I live, work and travel with a persistent pain condition, I have some functional limitations, and  I self-identify as ‘disabled’.  Accepting I was ‘disabled’ was a difficult, but for me necessary, step in moving on with my life.  It has facilitated me being able to access support offered by my employers and by transport services in order to live as full and meaningful a life as possible.

There are a number of ‘definitions’ of the term ‘disabled’, but in England, Scotland and Wales you’re disabled under the Equality Act 2010 if you have a physical or mental impairment that has a ‘substantial’ and ‘long-term’ negative effect on your ability to do normal daily activities.  Substantial is defined as meaning more than minor or trivial and long term means 12 months or more.  There are special rules about recurring or fluctuating conditions, and there are special rules about some progressive conditions.  Further information about what all this actually means in practice can be found *HERE*.  Examples of activities that might meet the criteria, for people suffering with physical impairments, are given at the end of this blog (taken from the Equality Act Guidance).

Looking back on my persistent pain journey, following my manual handling accident in July 2008, it is obvious to me now that once my difficulties had been present for a year that I met the Disability Discrimination Act definition of disability (now the Equality Act).  However, I don’t remember at that time ever thinking of myself as ‘disabled’.  As far as I was concerned I was ill, in substantial pain, unable to do various everyday things, and really struggling.

I was fortunate that a year or so after my accident my rheumatology care was transferred to a particularly compassionate and caring rheumatologist, who I remember as being fairly straight with me in terms of what my likely outcomes were.  I’m not sure I can remember her using the term ‘disabled’ or ‘disabling’ directly with me, but in February 2012, she wrote a letter to a fellow consultant and put as a diagnosis, ‘Post surgical disabling right sided sciatica following surgery in December 2009.’  Even though I knew I was in difficulty, and the difficulties were likely to be life-long, seeing the word ‘disabling’ as part of a diagnosis had a huge emotional impact on me.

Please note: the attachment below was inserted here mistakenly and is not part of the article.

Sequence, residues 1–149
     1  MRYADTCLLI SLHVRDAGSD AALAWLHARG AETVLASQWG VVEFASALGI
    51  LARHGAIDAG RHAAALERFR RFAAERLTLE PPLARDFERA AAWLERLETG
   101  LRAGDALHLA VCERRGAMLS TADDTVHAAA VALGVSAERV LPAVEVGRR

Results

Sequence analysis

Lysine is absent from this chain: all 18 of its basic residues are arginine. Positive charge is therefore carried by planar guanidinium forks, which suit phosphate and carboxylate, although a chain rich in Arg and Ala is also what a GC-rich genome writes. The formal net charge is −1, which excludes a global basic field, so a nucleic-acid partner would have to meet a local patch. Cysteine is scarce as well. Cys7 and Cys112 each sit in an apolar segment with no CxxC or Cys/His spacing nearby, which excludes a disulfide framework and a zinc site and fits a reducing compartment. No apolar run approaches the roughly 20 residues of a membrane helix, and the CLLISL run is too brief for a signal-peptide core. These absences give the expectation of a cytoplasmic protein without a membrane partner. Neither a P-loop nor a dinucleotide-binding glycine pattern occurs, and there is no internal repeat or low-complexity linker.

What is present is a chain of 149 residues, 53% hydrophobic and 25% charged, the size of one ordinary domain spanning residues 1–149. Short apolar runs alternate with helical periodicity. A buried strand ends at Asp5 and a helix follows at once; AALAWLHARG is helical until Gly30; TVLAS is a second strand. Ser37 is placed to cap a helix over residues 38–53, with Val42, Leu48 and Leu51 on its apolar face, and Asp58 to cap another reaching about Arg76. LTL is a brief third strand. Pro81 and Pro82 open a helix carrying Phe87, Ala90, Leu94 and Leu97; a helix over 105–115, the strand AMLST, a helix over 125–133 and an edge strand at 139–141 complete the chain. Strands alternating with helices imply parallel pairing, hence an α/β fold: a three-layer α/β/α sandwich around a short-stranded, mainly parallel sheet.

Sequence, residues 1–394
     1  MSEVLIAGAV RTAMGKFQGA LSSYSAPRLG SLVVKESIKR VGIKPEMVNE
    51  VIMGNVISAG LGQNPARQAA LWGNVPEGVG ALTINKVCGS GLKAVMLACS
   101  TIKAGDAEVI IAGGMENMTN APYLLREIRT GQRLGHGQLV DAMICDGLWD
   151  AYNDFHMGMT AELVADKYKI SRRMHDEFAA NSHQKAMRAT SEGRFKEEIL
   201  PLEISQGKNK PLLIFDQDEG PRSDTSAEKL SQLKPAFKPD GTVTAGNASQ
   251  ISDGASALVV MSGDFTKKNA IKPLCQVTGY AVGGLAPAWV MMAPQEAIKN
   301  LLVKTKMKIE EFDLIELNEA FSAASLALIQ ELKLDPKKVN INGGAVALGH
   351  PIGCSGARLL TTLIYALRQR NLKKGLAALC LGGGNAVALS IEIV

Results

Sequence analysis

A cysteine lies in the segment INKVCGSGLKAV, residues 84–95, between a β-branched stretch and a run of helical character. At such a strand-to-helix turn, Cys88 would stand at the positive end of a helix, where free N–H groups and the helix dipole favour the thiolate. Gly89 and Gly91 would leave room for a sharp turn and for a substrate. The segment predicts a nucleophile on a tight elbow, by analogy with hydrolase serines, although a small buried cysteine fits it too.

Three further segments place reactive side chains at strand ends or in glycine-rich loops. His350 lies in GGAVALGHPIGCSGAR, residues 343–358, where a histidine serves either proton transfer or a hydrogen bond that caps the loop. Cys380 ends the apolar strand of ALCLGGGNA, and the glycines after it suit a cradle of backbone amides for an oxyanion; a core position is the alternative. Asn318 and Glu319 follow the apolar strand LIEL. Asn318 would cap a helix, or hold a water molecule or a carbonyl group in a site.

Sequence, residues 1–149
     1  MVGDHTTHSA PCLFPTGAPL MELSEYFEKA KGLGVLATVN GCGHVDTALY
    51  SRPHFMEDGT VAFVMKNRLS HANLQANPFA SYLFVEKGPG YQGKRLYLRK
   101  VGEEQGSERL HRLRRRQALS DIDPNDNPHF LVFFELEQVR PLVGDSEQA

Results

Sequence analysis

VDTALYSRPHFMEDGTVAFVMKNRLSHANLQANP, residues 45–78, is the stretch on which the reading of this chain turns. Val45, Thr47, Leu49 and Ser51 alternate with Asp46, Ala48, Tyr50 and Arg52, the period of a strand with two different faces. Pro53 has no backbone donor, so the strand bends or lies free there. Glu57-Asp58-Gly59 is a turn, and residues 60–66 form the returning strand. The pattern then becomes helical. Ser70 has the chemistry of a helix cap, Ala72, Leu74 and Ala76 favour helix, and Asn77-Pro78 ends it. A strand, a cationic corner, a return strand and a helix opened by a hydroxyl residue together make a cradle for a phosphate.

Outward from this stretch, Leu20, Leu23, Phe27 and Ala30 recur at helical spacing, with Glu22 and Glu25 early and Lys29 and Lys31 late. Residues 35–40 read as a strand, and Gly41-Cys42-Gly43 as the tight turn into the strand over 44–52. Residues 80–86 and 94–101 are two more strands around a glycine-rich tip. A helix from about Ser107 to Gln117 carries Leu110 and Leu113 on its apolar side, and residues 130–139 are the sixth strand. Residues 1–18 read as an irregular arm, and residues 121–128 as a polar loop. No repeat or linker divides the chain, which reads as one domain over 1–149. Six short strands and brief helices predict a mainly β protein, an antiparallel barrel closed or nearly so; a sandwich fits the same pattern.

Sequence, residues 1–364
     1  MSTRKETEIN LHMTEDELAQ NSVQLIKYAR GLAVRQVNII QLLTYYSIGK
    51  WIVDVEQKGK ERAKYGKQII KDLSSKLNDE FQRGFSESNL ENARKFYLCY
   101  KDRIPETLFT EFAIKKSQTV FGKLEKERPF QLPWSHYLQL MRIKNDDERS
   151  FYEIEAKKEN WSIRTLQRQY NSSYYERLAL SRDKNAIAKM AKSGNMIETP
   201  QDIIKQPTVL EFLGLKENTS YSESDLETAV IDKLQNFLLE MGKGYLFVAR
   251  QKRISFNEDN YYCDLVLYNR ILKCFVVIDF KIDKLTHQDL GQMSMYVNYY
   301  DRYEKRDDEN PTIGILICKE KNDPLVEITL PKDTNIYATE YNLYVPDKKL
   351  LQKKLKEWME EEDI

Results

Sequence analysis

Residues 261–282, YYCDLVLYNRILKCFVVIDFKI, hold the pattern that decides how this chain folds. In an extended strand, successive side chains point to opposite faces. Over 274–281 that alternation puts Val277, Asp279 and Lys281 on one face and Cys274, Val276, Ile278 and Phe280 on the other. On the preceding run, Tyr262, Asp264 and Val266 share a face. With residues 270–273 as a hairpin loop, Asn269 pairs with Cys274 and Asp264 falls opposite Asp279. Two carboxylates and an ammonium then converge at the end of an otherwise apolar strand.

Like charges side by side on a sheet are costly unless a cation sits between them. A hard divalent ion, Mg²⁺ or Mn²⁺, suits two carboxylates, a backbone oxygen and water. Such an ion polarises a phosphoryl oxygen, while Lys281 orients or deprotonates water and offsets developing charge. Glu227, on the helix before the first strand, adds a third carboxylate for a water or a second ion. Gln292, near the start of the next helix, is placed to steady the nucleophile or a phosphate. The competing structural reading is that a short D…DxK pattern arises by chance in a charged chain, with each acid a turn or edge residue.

Some might say that using the term ‘disabling’ was unnecessary, and it could be expected that it might have an emotional impact on me, but I would say writing that was probably one of the best things anyone has done for me.  I am sure I was still really struggling with acceptance at that time, and however hard the emotions were that resulted from reading that diagnosis, they were emotions I needed to go through.  I needed to start to identify as being ‘disabled’, start to access the benefits associated with this, and also be mindful of the associated difficulties.

That letter in 2012 was the start of my emotional journey of self-identification as being disabled.

Some time after receiving the letter from my rheumatologist, I spent time learning about the Disability Discrimination Act, and then the Equalities Act which followed it, and considering whether I really met the criteria for disability or not.   For me it was important that I didn’t self-identify as ‘disabled’ incorrectly.  (I’m assuming that my rheumatologist’s use of the word ‘disabling’ did not imply that she consciously thought I would meet the Disability Discrimination Act criteria, but that it was being used as a medical term.)

Along this journey of self-identification and further acceptance, I also had to start to outwardly describe myself as ‘disabled’ to others.  I found this quite difficult at first.  For me it would probably have helped if more of the various clinicians involved in my care, and other people in my life, had used the term ‘disability’ in general conversation more often with me, but I accept this might not be the case for everyone.

Although there are obvious downsides of being ‘disabled’ in terms of daily pain, difficulty in doing things you could once do, the side effects of medication, etc etc, there are  a range of ‘benefits’ which can help support you.